Zacks said she anticipates a similar response from the gala audience.
"The songs they've written for this gala are equally moving," she said. "Children are very wise at very young ages and they see things that sometimes adults miss."
Winners of the inaugural Luminaria Awards include the Clay Center for the Arts & Sciences, as well as the late John McClaugherty for his vision of the center; Joe Rice, a 23-year Montessori School teacher; and Austin Susman, a George Washington High School student and Montessori alum who helped create an award-winning anti-bullying video game.
The Luminaria Awards are meant to honor West Virginians who "light the way for education," according to a statement from the school.
"No matter your age or occupation you can do something to help children, and certainly the needs in this state are great," Zacks said.
While the Montessori School holds fundraisers periodically, this is its first gala, she said.
"This is the first time we've done an event on this scale," Zacks said.
Funds raised will go toward the school's operation and financial-aid program. School officials have not raised tuition for five years, she said.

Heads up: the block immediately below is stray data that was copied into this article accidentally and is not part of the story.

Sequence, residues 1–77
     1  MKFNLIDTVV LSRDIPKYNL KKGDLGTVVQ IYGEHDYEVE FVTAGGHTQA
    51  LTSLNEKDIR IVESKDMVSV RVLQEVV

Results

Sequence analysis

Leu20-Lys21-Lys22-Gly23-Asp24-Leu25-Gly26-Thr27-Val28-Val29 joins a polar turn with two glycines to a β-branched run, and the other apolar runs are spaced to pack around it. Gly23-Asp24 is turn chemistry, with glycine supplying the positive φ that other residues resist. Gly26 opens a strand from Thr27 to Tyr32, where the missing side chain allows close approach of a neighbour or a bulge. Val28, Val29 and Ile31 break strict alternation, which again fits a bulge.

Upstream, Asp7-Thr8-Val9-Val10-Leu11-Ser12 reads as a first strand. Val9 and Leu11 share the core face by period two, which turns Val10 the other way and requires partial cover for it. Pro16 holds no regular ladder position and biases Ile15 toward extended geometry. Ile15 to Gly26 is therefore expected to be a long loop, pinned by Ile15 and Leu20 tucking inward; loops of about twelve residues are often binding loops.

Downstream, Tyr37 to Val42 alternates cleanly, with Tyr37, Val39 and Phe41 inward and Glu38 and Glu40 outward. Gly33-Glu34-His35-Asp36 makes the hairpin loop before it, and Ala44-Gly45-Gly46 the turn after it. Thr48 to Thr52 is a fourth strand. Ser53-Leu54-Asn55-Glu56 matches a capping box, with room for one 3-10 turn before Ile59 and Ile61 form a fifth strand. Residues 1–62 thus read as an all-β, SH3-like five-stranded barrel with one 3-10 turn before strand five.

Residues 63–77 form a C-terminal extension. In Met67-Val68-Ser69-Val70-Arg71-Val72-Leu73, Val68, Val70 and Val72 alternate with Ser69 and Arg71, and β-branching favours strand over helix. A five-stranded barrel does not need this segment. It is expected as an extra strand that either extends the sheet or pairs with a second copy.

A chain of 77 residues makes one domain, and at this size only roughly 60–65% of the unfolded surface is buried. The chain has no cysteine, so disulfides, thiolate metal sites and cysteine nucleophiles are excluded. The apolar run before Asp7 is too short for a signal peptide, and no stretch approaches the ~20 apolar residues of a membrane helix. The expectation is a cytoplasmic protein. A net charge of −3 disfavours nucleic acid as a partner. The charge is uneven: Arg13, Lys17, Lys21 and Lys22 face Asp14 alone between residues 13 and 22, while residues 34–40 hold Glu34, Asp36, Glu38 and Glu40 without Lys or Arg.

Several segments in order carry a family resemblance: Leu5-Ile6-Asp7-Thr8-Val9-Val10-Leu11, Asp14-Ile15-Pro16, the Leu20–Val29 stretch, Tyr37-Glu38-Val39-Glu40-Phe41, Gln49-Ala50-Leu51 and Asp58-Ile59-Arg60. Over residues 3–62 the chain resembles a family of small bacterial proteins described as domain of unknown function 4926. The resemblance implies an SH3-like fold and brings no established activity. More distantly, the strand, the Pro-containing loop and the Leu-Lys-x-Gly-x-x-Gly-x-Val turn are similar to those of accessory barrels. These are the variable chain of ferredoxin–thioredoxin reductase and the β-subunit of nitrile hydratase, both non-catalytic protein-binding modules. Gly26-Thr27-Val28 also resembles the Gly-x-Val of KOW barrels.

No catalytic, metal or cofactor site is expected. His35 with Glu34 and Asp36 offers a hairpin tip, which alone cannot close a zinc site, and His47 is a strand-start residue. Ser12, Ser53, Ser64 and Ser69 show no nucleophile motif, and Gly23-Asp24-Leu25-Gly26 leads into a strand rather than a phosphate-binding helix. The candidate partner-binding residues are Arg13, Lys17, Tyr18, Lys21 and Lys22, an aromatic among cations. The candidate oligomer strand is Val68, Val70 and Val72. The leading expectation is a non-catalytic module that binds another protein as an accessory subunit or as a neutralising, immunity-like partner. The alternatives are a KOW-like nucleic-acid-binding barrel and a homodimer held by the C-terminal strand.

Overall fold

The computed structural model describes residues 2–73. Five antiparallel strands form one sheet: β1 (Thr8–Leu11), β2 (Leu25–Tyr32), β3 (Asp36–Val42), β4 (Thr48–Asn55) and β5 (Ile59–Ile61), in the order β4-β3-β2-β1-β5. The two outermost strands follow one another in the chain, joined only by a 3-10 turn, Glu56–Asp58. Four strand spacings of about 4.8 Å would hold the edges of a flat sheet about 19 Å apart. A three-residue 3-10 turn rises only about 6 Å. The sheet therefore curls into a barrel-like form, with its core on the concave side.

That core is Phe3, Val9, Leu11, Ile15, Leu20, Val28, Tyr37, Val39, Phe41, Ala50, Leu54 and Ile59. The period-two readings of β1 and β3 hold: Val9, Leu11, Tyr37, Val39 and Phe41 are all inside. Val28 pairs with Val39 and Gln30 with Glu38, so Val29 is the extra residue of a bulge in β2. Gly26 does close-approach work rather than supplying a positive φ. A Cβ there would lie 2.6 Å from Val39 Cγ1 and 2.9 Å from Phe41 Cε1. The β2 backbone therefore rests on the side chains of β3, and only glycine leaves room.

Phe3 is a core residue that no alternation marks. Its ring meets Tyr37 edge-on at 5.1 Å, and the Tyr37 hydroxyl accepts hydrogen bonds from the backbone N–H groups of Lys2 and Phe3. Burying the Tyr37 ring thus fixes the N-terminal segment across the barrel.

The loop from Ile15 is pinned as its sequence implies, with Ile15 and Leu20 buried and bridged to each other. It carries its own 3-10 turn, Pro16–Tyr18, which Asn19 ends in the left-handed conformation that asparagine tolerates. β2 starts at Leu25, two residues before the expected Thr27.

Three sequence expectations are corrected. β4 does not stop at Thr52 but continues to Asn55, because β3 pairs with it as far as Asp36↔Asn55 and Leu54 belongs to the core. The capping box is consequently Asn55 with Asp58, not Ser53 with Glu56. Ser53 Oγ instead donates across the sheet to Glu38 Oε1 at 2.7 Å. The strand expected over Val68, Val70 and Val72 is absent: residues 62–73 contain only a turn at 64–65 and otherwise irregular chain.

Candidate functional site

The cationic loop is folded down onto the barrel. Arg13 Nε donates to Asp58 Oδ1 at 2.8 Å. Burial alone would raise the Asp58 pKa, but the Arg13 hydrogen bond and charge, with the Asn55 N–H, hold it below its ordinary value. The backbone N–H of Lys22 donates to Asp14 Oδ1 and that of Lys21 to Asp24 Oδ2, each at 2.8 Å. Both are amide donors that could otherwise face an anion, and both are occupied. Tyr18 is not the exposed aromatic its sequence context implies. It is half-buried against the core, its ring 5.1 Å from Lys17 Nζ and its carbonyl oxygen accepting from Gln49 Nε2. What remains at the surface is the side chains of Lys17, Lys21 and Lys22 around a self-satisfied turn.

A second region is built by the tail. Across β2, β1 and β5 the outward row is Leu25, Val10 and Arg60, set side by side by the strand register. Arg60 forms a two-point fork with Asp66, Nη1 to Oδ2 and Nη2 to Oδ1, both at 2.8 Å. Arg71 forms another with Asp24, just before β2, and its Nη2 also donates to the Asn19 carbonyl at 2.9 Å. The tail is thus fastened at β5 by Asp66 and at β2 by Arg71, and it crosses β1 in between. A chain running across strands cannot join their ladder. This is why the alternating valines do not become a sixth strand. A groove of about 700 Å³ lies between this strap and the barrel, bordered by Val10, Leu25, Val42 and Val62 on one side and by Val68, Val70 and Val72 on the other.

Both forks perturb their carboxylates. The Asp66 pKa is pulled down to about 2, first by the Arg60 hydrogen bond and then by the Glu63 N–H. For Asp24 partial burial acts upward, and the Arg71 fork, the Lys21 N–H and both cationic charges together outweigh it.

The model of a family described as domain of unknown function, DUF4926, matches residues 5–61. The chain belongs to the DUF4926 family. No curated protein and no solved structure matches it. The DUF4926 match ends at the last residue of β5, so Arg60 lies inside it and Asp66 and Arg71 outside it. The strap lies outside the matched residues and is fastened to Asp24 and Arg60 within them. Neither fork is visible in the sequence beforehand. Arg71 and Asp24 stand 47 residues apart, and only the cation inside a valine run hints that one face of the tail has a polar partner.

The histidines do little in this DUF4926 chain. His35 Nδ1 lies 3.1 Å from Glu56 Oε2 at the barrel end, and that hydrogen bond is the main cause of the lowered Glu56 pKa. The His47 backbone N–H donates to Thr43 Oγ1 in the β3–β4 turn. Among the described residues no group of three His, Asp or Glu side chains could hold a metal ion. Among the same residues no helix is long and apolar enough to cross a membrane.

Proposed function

"That's why we are reaching out more to the community," she said. Financial aid is available to parents based on need, she said.
"[The school is] affordable and accessible," Zacks said.
The theme of the gala is lighting the way for education. Dr. Maria Montessori, the namesake for the Montessori method of teaching, believed the role of education was not to make a child learn things but to light a fire of intelligence in them, Zacks said.
All children have that light, though life has a way of dimming it quickly, she said.
"Society needs to recognize the potential of each little child," Zacks said.
For more information or to purchase tickets, call 304-342-7870.Reach Lori Kersey at lori.ker...@wvgazette.com or 304-348-1240.